He had some immediate success with the Red Sox, using a good curve and a better changeup to post a 3.36 ERA in 24 games (14 starts), albeit with 133 hits allowed in 104.1 innings.
It must have been some what of a mystery when the Sox left him unprotected in the expansion draft the following winter. He was selected by the Mariners with the 22d pick. Turns out the Sox knew what they were doing — Jones flamed out after two partial seasons in Seattle — and the mystery of his departure was brought to light in Gammons’s book.
When he missed a curfew or two, management blamed older players, particularly [Jim] Willoughby and Bill Lee, citing their wilder influences on this hayseed. But no one had to lead Tall Boy — so named by Willoughby after the Schlitz 16-ounce Tall Boy can and the fact that Jones was 6-foot-5 — astray. His high school buddies were three members of the rock band Lynard Skynard; the band was named after principal Leonard Skinner, their high school athletic director and football coach, who had suspended the band members and Jones from the athletic program … Tall Boy unfortunately was ahead of his time as far as getting himself into trouble, and while he would return in September [1976] for a brief stay before going to Seattle in the expansion draft, he threw away what appeared to be a promising career.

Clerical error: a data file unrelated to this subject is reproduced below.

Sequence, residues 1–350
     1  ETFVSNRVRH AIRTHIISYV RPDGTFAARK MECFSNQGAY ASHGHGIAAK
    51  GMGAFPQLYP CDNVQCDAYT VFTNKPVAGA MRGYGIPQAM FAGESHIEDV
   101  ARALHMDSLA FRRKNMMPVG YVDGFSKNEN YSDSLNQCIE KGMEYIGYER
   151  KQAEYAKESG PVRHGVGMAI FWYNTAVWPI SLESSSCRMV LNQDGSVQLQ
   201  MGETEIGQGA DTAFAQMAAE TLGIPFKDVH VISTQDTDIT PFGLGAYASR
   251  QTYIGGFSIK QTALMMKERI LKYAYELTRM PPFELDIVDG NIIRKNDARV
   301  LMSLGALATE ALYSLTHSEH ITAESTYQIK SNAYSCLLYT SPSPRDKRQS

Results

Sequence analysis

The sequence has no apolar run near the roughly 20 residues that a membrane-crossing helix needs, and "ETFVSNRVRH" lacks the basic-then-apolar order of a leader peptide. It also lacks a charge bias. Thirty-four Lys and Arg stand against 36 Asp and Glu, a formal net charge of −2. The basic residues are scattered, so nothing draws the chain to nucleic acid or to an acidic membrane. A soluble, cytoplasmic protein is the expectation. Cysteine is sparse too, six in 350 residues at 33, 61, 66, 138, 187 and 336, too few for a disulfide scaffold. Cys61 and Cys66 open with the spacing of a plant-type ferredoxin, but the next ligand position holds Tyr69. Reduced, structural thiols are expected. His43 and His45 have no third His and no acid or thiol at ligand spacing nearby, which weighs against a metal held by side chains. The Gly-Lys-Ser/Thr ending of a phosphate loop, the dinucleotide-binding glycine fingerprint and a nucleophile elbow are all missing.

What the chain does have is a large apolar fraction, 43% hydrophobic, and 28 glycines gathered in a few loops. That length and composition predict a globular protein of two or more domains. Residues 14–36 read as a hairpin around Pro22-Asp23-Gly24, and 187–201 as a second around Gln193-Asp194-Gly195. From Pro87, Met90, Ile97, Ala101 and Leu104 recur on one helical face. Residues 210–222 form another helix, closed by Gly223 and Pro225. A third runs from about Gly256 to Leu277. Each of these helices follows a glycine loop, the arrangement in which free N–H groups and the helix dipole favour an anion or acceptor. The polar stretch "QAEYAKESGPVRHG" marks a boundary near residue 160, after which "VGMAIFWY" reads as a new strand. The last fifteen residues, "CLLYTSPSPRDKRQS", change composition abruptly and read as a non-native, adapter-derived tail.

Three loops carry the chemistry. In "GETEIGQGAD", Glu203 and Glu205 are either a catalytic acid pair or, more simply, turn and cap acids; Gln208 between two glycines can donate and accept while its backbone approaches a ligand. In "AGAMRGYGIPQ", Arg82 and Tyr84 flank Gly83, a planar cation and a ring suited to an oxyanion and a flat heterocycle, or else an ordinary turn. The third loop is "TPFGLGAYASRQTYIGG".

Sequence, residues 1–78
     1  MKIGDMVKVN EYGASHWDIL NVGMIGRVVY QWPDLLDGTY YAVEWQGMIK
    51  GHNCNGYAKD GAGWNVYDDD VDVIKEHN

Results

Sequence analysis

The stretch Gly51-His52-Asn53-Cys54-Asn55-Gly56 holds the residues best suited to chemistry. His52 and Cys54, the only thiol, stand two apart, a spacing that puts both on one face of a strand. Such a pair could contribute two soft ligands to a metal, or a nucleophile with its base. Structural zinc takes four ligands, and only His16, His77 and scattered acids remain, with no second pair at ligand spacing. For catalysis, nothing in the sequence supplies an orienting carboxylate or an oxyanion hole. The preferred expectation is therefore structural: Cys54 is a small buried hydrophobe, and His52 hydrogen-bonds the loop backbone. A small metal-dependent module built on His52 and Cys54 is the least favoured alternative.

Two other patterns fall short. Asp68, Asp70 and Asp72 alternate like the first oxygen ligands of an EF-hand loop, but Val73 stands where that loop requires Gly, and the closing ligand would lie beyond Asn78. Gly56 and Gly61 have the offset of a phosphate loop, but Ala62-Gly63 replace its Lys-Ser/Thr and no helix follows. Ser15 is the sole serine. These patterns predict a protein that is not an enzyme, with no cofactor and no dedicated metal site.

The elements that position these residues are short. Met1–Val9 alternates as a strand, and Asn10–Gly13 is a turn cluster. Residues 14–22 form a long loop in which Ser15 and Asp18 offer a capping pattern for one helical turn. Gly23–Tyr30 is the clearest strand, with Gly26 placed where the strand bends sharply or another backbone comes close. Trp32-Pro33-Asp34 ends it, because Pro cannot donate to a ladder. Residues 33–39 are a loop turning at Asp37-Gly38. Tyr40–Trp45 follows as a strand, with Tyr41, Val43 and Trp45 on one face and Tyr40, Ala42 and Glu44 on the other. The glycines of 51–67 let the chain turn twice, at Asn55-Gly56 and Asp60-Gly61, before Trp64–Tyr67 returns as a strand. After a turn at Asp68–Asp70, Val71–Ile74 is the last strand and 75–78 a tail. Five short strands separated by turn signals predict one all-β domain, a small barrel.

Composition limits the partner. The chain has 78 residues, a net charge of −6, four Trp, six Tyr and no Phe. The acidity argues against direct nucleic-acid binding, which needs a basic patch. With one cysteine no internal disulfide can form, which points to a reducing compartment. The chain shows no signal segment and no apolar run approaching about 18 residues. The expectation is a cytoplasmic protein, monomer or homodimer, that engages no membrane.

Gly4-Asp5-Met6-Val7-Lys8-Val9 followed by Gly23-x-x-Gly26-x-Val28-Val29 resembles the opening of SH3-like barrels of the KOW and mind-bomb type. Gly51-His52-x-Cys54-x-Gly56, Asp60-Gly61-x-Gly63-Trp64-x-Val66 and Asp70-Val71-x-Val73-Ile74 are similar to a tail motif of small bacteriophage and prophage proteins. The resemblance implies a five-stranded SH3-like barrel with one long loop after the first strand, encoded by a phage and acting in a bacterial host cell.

Lee once said that Jones wasn’t a member of the infamous Buffalo Heads anti-Zimmer clique, but that he was definitely the best pledge. There are worse places to rest in Red Sox lore.

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We could fill our entire prospect roster of 50 here with Red Sox pitching prospects through the years who had superior radar-gun readings to Lee, a 22d-round pick in 1968 out of Southern Cal. But few got to the big leagues quicker than Lee — many never made it all.
And only three lefthanders in franchise history — Mel Parnell, Lefty Grove, and Jon Lester — earned more than his 94 victories.
In 1968, his first year of pro ball, Lee posted a 1.58 ERA in 16 games (eight starts) between Single A clubs in Waterloo and Winston-Salem. In “The Wrong Stuff,” Lee recalled the promotion to Winston-Salem as a pivotal point in his career.
Bill Slack was my new manager. That was a blessing. He had been a pitcher and really understood my needs. The day after my arrival, I started and got jocked. He took me aside and said, “Don’t worry, you had good stuff. You’ll get them next time.” That gave me confidence. Bill left me alone, and I pitched well for him. I was still basically the same type of pitcher I was in college … I had a pretty good breaking ball, and the kids in Class-A ball didn’t get to see so many curves.